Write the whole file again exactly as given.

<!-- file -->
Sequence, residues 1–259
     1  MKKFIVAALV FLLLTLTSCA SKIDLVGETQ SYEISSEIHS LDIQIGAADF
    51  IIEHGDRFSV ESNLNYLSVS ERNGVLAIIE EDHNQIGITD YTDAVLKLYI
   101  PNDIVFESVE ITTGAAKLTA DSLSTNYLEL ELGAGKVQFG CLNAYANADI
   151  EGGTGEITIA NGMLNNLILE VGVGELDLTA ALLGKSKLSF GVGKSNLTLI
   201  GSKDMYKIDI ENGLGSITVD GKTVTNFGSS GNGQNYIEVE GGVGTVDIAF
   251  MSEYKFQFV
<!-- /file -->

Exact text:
Sequence, residues 1–259
     1  MKKFIVAALV FLLLTLTSCA SKIDLVGETQ SYEISSEIHS LDIQIGAADF
    51  IIEHGDRFSV ESNLNYLSVS ERNGVLAIIE EDHNQIGITD YTDAVLKLYI
   101  PNDIVFESVE ITTGAAKLTA DSLSTNYLEL ELGAGKVQFG CLNAYANADI
   151  EGGTGEITIA NGMLNNLILE VGVGELDLTA ALLGKSKLSF GVGKSNLTLI
   201  GSKDMYKIDI ENGLGSITVD GKTVTNFGSS GNGQNYIEVE GGVGTVDIAF
   251  MSEYKFQFV